Zimbabwe: Chiadzwa Diamonds Banned

Harare — THE World Federation of Diamond Bourses (WFDB) has banned trade in rough diamonds originating from Zimbabwe except those certified by the Kimberley Process, The Financial Gazette heard this week.

Last week, the WFDB called on members to take all measures necessary to ensure they do not trade in diamonds originating from Zimbabwe.

This follows reports of violations of the Kimberley Process Certification Scheme (KPCS) by illegal diamond panners.

"The WFDB and its membership worldwide are committed to do all it can to prevent conflict diamonds from Zimbabwe or from any other source, for that matter, to be traded by our members," said WFDB president Avi Paz in a statement issued from Antwerp, Belgium.

"As founding members of the World Diamond Council and as signatories to the Kimberley Process Certification Scheme, it is our duty to remind not only our own members, but all those who operate in the diamond industry and trade of the devastating impact of conflicts fuelled by the trade in conflict diamonds on the peace, safety and security of people in affected countries, and the systematic and gross human rights violations that have been perpetrated in such conflicts," the WFDB president said.

"The WFDB and its member bourses have a cast-iron rule that rough diamonds can only be traded when they are accompanied by KP certificates," Paz stated. "Any bourse member who trades in rough diamonds without KP certification is liable for expulsion from this bourse, which in all practical terms, means the exclusion from the entire diamond business community," Paz concluded.

Founded in 1947, the WFDB unites diamond exchanges under one roof to provide a common set of practices for bourses trading in rough and polished diamonds, as well as coloured stones.

But the origins of the WFDB actually date back to 1946 when Jack Sigman, the then president, held discussions in Antwerp about creating a vehicle that would look out for the collective interests of the diamond trade.

The inaugural meeting of the WFDB took place in Antwerp in July 1947, at what today is recognised as the premiere World Diamond Congress.

The ability of the WFDB to react to changing conditions in the market has, since 1947, provided the diamond sector with an ability to act decisively and in unison, despite the great distances between the various manufacturing and trading centres. This is almost to ensure that the world federation remains the industry's most important representative body for years to come.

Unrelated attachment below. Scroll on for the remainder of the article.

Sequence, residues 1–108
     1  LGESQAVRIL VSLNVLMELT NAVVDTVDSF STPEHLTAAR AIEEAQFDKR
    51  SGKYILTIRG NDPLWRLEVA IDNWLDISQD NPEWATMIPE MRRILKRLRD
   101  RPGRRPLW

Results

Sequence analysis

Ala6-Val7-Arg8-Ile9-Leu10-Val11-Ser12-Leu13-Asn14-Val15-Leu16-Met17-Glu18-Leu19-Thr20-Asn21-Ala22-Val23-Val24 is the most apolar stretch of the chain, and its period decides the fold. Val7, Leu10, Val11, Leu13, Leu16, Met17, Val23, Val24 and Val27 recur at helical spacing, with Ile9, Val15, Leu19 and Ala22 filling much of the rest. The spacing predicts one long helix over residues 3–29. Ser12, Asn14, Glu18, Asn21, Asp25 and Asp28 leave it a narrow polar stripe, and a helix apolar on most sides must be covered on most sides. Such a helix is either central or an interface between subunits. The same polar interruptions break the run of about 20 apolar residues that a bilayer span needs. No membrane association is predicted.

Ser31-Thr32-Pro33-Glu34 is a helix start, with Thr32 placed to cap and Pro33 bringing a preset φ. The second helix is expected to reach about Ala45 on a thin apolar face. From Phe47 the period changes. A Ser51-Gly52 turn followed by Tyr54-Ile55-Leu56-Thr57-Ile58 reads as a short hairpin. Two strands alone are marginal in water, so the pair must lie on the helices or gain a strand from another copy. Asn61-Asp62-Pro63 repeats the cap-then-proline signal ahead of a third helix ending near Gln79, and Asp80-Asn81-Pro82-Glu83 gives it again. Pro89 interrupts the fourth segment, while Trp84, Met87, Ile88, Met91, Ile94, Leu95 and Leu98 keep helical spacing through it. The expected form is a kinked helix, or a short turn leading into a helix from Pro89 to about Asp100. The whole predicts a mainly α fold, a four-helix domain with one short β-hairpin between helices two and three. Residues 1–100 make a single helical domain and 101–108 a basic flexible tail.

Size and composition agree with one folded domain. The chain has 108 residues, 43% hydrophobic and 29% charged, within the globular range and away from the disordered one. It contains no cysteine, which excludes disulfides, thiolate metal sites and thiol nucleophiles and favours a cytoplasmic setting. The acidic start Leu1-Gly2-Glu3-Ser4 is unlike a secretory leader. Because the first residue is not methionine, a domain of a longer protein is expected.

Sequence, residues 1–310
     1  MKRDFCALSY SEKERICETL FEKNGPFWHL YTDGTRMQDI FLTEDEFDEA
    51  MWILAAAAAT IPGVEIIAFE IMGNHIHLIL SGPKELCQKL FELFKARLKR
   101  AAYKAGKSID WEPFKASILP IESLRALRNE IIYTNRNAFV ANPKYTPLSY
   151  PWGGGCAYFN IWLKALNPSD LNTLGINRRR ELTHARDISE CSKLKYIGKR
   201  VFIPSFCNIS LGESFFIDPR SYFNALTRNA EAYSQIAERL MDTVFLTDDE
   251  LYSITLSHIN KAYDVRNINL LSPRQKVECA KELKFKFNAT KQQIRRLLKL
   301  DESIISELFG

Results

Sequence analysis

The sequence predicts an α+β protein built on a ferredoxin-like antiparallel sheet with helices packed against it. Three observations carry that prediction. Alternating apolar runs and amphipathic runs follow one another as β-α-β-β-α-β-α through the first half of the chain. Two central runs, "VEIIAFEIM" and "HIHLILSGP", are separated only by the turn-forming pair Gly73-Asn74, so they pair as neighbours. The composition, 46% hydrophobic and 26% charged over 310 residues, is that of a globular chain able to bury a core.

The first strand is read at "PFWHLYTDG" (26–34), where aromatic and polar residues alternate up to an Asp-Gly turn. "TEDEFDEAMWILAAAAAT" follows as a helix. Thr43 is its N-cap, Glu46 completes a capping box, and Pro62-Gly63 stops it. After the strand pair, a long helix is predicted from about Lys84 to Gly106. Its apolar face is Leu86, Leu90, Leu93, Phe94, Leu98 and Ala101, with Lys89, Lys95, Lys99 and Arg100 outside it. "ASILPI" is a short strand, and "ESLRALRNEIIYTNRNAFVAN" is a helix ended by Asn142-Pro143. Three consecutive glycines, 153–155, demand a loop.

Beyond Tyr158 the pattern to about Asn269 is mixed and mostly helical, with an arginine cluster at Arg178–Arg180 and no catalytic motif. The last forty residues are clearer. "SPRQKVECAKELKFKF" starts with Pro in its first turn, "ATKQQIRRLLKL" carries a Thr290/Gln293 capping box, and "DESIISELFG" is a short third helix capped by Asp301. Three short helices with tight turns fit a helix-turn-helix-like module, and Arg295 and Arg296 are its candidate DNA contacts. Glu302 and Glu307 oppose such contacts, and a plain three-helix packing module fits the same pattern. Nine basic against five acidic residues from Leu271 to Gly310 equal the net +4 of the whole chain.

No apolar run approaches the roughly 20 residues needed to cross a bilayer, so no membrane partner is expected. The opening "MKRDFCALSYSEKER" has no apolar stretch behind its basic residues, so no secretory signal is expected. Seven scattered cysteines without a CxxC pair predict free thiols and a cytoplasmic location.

Paz said comprehensive data, descriptions and photographs of the rough diamonds mined at the Marange deposits have been widely circulated by the Working Group of Diamond Experts of the Kimberley Process, making identification of these illicit diamonds easier.

The warning issued by the WFDB does not pertain to diamonds mined at the Murowa deposit in Zimbabwe, since the production from this source is in compliance with the Kimberley Process.

There has been a strong push worldwide to ban trade in diamonds originating from Zimbabwe following reports of rampant illegal goal mining at the diamond fields in Chiadzwa, Marange.

Last month a team from the Kimberley Process visited the country on a fact-finding mission seeking, among other issues, to establish whether mass murders occurred in Marange late last year during a crackdown by security forces on illegal diamond mining.

Government has since responded by restoring order at the fields and allowing the state-run Zimbabwe Mining Development Corporation (ZMDC) to extract the resource on its behalf.

Government officials were quoted recently saying that the Chiadzwa operation was realising 50 000 to 60 000 carats per week and might produce diamonds worth US$60 000 a day if state-of-the-art mining equipment was procured.

Reserve Bank of Zimbabwe governor, Gideon Gono, has previously bemoaned the lack of adequate equipment at ZMDC, describing its diamond mining methods as "mechanised gold panning".

"We are processing applications from companies that are interested in cutting and polishing diamonds," Mines Minister Obert Mpofu was quoted saying.

Government seized the Chiadzwa diamond claim from British-based Africa Consolidated Resources in 2007.

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